Acoustic Analysis of Infant Cry Signals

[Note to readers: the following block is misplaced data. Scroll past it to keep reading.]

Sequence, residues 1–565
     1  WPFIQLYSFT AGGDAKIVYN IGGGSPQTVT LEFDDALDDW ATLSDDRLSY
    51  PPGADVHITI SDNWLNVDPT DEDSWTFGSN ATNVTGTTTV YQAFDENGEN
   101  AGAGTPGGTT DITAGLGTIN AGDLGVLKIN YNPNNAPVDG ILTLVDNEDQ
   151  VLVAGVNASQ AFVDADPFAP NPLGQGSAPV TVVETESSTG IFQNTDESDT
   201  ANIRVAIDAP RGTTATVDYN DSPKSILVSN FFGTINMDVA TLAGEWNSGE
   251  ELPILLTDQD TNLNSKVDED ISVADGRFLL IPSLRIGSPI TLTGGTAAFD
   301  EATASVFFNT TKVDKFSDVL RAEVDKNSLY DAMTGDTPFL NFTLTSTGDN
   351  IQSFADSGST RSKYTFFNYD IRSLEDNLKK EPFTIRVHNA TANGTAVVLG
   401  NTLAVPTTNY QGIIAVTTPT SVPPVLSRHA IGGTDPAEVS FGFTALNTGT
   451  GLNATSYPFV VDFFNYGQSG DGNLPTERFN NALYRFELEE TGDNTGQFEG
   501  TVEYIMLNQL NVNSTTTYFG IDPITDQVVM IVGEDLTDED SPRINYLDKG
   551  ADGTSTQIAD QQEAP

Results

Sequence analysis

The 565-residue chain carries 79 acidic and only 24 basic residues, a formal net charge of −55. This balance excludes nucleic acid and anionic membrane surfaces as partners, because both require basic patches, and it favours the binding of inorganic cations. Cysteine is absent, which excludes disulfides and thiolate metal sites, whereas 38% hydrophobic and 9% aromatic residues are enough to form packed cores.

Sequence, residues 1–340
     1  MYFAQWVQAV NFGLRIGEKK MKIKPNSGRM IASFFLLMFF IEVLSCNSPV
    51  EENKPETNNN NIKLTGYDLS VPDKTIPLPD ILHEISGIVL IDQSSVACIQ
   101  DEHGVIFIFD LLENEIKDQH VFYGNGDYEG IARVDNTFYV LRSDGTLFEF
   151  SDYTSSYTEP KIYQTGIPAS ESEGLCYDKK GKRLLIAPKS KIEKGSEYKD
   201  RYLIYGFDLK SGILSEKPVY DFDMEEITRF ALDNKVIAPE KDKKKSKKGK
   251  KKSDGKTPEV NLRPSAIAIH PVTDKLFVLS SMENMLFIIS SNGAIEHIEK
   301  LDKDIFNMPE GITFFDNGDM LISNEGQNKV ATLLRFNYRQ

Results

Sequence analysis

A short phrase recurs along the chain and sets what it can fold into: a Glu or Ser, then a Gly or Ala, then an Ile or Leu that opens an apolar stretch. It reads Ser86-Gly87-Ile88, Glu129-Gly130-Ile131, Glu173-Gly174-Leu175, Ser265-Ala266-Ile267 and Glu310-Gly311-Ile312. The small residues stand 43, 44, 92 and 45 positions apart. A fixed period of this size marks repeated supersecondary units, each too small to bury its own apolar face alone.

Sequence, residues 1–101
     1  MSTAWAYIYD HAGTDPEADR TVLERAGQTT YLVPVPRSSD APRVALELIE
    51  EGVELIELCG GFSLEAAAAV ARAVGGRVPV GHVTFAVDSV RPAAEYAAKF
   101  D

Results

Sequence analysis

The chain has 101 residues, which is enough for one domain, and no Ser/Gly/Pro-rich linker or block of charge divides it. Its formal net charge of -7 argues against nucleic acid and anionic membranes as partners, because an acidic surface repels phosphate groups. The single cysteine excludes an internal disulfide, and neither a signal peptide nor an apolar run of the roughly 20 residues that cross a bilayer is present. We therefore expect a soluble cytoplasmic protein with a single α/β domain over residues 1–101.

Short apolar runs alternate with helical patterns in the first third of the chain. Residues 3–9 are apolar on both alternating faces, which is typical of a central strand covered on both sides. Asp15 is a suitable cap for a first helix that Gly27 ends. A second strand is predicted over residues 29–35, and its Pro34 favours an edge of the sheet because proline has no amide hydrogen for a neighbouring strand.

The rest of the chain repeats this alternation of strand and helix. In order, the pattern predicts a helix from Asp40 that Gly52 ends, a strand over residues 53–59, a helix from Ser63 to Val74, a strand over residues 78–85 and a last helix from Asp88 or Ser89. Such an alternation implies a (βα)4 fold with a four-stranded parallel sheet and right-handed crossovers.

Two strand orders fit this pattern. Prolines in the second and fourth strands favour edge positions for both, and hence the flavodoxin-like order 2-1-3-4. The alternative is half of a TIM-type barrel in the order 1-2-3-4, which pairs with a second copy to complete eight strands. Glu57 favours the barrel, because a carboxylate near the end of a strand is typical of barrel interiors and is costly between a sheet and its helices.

Crying is the first means of communication for an infant through which it expresses its physiological and psychological needs. Infant cry analysis is the investigation of infant cry vocalizations in order to extract social and communicative information about infant behavior, and diagnostic information about infant health. This thesis is part of a larger study whose objective is to analyze the acoustic properties of infant cry signals and use it for early assessment of neurological developmental issues in infants. This thesis deals with two research problems in the context of infant cry signals: audio segmentation of cry recordings in order to extract relevant acoustic parts, and fundamental frequency (F0) estimation of the extracted acoustic regions. The extracted acoustic regions are relevant for extracting parameters useful for drawing correlation with developmental outcomes of the infants. Fundamental frequency (F0) is one such potentially useful parameter whose variation has been found to correlate with cases of neurological insults in infants. The cry recordings are captured in realistic hospital environments under varied contexts like infant crying out of hunger, pain etc. A hidden Markov model (HMM) based audio segmentation system is proposed. The performance of the system is evaluated for different configurations of HMM states, number of component Gaussians, and using different combinations of audio features. Frame based accuracy of 88.5 % is achieved. YIN algorithm, a popular F0 estimation algorithm, is utilized to deal with the fundamental frequency estimation problem, and a method to discard unreliable F0 estimates is suggested. The statistics associated with distribution of F0 estimates corresponding to different components of cry signals are reported. This work would be followed up to find meaningful correlations between extracted F0 estimates and developmental outcomes of the infants. Moreover, other acoustic parameters would also be investigated for the same purpose.